Monday, January 28, 2008

Many Children Being Left Behind

Last week I was helping Stella with her homework and saw that she was studying Islam in her Social Studies class. "Well, that's a good idea," I thought to myself, "We never studied that when I was in 7th grade." I talked to her about my Muslim students and how kind they always are to her and how they often want to use my office for their prayers because it faces East.

I had talked to her Social Studies teacher in the past about what I do and how I often have students from all over the world who would love the opportunity to come to a classroom and talk about their culture to American students. I also know how busy teachers are so I emailed her to jog her memory and to offer to bring a Muslim student to Stella's class to talk to the kids and answer questions. In my opinion, having a person there, in the classroom, to answer questions and discuss a topic reinforces the learning experience in a way that reading or watching a video just can't come close to. So I was a little irritated, or maybe just disappointed, when she emailed me back to say that they were too busy to make time for a visitor.

This is a big part of what's wrong with our education system right now. Students don't have time for their studies to be meaningful or enriched. The emphasis on testing has ruined every opportunity for lasting education. It's just on to the next topic and QUICKLY, because you've got to cram in everything that could be covered in the benchmark tests. I know from my experience teaching in a private school that in-person guest lecturers or field trips were the BEST ways of making a topic come alive for the students. It just goes to show that Stella's teacher wasn't thinking of how to best help her students LEARN (a subject that can always be studied more in depth). She was probably thinking how to best help her students KNOW (what is covered on a benchmark test). That's the difference. How frustrating! No wonder kids hate school!

What's the point of having a test if the topic isn't even covered in depth? I'm just saddened and angered by the whole thing. I wish I had the time and resources to just home school.

6 comments:

Stephanie said...

Amen. Except for the home schooling part. (I am just one of those who believes the collective expertise of the teachers in schools (despite their busy schedules and excuses) far out weigh my own limited knowlede in subjects like math, especially.)

On the other hand, I am really glad they send out those emails and study guides. I always print them out and add a bunch of stuff to them that I find on wikipedia!

I think it is so cool that you are surrounded my so many people from all over. Maybe Stella can come with you to work one day and have lunch with one of the muslims who would be willing to share some more information about the religion and culture. I was about her age when my mom dated an Iranian and our circle of friends were 90% Persians (or Iranian, if one prefers.)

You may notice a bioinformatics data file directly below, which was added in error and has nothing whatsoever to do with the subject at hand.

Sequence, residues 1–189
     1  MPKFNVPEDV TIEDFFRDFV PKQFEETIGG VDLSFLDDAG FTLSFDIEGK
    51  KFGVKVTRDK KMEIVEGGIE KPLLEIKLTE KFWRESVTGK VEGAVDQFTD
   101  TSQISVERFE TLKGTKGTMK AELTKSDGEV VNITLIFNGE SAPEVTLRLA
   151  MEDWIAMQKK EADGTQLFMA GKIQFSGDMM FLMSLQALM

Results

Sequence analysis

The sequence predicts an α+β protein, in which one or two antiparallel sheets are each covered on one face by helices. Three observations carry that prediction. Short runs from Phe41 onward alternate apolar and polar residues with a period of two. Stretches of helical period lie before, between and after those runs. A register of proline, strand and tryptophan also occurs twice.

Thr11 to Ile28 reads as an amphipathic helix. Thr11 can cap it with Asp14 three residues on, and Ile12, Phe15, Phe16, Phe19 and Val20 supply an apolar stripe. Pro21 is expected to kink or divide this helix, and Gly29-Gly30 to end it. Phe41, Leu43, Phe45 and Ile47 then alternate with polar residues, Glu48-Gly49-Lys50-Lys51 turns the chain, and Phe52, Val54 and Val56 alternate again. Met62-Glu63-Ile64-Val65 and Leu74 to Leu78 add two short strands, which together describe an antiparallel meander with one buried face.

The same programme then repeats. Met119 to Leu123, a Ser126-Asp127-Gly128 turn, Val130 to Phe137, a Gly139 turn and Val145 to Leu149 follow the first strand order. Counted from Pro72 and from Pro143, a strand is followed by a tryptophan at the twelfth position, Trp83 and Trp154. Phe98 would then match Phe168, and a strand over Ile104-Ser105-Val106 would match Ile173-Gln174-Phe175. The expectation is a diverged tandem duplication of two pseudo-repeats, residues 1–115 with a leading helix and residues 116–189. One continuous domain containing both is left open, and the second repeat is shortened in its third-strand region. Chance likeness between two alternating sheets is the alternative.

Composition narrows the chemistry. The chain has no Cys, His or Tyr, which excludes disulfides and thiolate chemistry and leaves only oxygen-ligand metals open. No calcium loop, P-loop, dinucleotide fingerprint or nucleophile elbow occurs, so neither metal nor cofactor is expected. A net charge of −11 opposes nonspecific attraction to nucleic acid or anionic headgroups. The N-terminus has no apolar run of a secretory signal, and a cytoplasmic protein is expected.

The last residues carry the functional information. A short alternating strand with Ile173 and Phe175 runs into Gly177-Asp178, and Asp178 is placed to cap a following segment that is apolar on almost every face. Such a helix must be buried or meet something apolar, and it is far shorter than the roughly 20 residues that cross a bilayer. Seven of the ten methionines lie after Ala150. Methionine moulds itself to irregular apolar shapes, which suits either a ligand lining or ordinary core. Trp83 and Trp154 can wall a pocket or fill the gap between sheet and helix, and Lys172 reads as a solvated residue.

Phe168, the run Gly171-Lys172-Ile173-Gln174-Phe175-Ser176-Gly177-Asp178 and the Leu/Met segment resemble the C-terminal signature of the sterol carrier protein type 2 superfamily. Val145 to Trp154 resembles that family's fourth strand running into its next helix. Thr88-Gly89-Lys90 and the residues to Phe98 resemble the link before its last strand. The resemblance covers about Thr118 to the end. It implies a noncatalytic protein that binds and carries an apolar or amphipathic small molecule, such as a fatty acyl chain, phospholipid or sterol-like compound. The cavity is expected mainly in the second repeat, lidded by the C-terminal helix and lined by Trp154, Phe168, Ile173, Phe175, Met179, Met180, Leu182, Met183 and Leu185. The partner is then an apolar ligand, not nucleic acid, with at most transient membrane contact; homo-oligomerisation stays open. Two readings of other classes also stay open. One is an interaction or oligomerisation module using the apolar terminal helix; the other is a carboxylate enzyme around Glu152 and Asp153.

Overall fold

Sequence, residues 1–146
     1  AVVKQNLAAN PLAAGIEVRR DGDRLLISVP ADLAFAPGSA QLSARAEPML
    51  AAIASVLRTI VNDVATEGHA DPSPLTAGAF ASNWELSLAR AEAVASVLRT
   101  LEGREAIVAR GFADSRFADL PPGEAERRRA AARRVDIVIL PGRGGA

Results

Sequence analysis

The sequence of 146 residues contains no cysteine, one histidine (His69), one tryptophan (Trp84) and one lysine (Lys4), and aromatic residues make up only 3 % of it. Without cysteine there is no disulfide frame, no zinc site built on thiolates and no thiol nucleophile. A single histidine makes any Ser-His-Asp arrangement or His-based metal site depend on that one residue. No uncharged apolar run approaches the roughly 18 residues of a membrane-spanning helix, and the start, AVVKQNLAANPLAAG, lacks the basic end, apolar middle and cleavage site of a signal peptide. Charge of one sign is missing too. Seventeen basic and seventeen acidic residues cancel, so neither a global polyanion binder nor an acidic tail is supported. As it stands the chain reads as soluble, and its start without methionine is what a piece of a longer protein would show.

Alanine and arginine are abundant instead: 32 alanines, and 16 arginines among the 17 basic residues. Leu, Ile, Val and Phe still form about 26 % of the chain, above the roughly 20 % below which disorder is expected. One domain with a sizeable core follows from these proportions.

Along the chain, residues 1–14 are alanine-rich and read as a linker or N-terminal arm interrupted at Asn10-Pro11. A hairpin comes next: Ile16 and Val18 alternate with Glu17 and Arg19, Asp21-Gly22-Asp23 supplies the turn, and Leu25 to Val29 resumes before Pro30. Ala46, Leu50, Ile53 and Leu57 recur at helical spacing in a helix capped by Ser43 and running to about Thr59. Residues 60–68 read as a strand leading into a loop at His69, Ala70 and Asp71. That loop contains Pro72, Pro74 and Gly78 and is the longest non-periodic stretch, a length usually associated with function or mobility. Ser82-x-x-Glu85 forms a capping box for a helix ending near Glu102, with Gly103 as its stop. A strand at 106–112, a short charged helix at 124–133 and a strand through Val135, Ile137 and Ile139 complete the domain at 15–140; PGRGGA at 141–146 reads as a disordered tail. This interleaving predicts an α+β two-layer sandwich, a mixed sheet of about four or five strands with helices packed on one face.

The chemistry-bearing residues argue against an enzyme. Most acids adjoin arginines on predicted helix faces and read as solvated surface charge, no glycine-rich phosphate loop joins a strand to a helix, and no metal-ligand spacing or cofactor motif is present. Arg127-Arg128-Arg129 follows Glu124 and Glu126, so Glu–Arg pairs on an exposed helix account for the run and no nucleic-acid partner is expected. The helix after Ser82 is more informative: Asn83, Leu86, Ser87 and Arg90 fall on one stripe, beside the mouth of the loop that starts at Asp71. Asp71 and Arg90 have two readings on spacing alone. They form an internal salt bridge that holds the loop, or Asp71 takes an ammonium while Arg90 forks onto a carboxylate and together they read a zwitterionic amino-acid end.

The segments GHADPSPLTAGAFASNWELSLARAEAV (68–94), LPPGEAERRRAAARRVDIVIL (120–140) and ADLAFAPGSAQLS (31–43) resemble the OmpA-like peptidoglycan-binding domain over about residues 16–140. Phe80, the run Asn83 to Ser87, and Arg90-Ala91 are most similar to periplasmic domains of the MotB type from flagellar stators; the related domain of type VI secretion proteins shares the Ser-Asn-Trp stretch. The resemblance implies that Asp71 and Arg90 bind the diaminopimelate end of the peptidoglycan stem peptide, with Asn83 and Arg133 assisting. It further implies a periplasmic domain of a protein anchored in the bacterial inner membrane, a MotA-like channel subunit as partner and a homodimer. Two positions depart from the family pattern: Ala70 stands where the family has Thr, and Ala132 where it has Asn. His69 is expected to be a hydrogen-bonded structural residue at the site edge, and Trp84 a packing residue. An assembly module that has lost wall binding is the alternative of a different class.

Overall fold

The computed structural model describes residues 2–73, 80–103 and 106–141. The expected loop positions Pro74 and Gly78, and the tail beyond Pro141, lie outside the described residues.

ANd I agree 100% with how bad it's gotten with the teachers having to "teach to the test" and all the teachers I know complain and don't like it any better.

Stephanie said...

I should add, that the real reason I couldn't homeschool is because I don't have my act together enough to be organized and disciplined enough to do it. I would be all, "Today is ART CLASS! YAY!"

Alannah said...

I don't mean to come off like I'm blaming the teacher. Unfortunately, the teachers are just as much victims in this stupid system as the students are. They can only teach what the district deems necessary.

It just really seemed like a lost opportunity for a cool experience in the classroom. Can you imagine how much GOOD can be done by allowing people of different cultures and religions to sit in the same room and look each other in the eye and TALK to each other??

I'm impressed that you supplement the boys' studies with extra information from Wikipedia!

If I homeschooled, every day would be a field trip (to the bookstore!).

Stephanie said...

I agree completely that there was a missed opportunity. And part of me secretly suspects that the teacher would have welcomed and embraced the opportunity to have a guest speaker, but had to weigh that against the potential Freak Out that may have resulted from skittish parents of some of the students.

And I know someone who home schools. And they go on A LOT of field trips, man.

Alannah said...

Hmm, that's an angle I hadn't thought of...but of course it makes sense.

AND SPEAKING OF FREAK OUTS AT MCNAIR MIDDLE SCHOOL - did you hear the rumor about the kid today getting caught w/ cocaine, syringes and a homemade hand grenade in his backpack? I really want to know the true story. I've been walking around all night in shock.

Stephanie said...

WHAT THE???!! No I haven't heard about that. Now, THAT would warrant Freak Out.